Project description:Glioblastoma (GBM) is a fatal cancer that has eluded major therapeutic advances. Failure to make progress may reflect the absence of a human GBM model that could be used to test compounds for anti-GBM activity. In this respect, the development of brain tumor-initiating cell (BTIC) cultures is a step forward because BTICs appear to capture the molecular diversity of GBM better than traditional glioma cell lines. Here, we perform a comparative genomic and genetic analysis of BTICs and their parent tumors as preliminary evaluation of the BTIC model.We assessed single nucleotide polymorphisms (SNPs), genome-wide copy number variations (CNVs), gene expression patterns, and molecular subtypes of 11 established BTIC lines and matched parent tumors.Although CNV differences were noted, BTICs retained the major genomic alterations characteristic of GBM. SNP patterns were similar between BTICs and tumors. Importantly, recurring SNP or CNV alterations specific to BTICs were not seen. Comparative gene expression analysis and molecular subtyping revealed differences between BTICs and GBMs. These differences formed the basis of a 63-gene expression signature that distinguished cells from tumors; differentially expressed genes primarily involved metabolic processes. We also derived a set of 73 similarly expressed genes; these genes were not associated with specific biological functions.Although not identical, established BTIC lines preserve the core molecular alterations seen in their parent tumors, as well as the genomic hallmarks of GBM, without acquiring recurring BTIC-specific changes.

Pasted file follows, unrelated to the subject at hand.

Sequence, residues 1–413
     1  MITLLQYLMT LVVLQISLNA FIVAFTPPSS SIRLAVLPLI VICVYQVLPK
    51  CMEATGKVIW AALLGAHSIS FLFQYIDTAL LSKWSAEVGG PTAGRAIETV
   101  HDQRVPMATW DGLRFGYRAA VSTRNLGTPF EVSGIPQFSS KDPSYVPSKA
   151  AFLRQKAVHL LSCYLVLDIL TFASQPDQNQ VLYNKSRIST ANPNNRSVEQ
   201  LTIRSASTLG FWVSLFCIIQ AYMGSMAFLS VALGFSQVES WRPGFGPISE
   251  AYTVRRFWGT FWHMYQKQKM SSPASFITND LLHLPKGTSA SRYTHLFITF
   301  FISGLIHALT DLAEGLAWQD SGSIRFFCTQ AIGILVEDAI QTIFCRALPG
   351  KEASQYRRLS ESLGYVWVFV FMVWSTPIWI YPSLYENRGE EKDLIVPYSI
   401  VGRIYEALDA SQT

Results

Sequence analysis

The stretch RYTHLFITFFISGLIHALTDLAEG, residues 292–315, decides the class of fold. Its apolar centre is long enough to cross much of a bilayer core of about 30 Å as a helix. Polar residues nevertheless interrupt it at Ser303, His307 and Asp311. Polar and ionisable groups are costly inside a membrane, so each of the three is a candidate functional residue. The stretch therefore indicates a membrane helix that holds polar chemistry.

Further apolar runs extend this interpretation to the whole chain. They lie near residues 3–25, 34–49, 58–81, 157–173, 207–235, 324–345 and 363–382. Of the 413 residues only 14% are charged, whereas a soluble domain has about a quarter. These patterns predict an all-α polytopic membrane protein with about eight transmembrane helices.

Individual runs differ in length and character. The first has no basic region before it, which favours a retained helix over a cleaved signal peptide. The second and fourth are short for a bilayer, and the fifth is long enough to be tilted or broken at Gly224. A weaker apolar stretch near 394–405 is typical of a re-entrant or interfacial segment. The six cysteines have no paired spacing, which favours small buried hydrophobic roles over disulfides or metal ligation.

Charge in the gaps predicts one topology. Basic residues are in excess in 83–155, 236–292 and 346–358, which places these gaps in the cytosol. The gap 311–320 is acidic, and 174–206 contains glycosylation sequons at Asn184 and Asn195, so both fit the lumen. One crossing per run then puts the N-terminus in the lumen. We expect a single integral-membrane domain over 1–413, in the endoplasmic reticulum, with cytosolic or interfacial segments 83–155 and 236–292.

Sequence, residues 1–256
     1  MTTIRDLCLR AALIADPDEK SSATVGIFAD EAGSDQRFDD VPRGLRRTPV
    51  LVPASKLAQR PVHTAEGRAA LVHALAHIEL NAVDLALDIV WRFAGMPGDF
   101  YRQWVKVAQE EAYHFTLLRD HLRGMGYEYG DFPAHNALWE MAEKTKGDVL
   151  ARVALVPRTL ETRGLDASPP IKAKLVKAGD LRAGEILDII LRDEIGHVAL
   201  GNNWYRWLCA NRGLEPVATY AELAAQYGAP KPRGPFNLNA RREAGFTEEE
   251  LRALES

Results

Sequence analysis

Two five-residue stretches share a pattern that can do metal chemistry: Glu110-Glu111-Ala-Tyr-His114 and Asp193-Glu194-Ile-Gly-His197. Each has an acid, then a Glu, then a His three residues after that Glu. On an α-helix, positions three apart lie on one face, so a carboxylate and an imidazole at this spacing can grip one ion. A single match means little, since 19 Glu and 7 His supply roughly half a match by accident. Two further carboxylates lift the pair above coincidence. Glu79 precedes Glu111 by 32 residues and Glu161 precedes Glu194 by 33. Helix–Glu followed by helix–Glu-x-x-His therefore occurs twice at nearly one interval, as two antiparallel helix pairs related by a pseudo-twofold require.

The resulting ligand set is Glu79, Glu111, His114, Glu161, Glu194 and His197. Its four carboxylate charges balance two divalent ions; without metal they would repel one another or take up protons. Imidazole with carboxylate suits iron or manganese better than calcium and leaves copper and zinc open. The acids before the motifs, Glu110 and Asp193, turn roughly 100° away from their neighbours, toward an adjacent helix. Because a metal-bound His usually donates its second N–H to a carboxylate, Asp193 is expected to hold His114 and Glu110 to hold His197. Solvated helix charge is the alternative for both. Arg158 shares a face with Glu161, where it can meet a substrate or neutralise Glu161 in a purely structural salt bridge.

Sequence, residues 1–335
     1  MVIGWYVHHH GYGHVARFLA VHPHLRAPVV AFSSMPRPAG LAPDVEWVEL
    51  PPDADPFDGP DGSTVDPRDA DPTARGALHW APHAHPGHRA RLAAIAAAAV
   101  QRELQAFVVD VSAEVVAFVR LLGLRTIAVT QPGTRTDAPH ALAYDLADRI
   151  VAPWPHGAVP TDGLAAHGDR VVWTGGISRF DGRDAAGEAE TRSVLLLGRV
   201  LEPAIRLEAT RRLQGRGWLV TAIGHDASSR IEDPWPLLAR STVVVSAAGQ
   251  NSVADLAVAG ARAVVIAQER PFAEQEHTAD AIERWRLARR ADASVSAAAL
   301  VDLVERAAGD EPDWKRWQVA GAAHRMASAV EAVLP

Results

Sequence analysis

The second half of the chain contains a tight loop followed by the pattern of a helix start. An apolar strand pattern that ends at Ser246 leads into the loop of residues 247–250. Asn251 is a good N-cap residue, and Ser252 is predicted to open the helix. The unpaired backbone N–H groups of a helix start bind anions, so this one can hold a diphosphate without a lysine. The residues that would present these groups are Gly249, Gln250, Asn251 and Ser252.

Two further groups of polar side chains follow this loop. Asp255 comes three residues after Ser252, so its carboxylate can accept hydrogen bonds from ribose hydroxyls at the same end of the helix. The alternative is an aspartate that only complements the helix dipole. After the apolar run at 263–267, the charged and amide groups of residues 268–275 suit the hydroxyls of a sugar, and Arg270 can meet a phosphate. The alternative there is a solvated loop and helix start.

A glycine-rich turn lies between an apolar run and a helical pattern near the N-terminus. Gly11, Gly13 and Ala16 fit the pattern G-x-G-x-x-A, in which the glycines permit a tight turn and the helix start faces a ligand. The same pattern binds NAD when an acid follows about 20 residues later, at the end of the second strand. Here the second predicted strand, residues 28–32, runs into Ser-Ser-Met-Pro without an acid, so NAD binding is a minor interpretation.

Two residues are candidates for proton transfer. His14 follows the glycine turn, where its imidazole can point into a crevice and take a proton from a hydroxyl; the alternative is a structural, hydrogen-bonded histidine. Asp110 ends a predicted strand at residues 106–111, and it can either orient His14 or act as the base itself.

Project description:Glioblastoma (GBM) is the most common and deadly malignant brain cancer, with a median survival of <2 years. GBM displays a cellular complexity that includes brain tumour-initiating cells (BTICs), which are considered as potential key targets for GBM therapies. Here we show that the transcription factors FOXG1 and Groucho/TLE are expressed in poorly differentiated astroglial cells in human GBM specimens and in primary cultures of GBM-derived BTICs, where they form a complex. FOXG1 knockdown in BTICs causes downregulation of neural stem/progenitor and proliferation markers, increased replicative senescence, upregulation of astroglial differentiation genes and decreased BTIC-initiated tumour growth after intracranial transplantation into host mice. These effects are phenocopied by Groucho/TLE knockdown or dominant inhibition of the FOXG1:Groucho/TLE complex. These results provide evidence that transcriptional programmes regulated by FOXG1 and Groucho/TLE are important for BTIC-initiated brain tumour growth, implicating FOXG1 and Groucho/TLE in GBM tumourigenesis.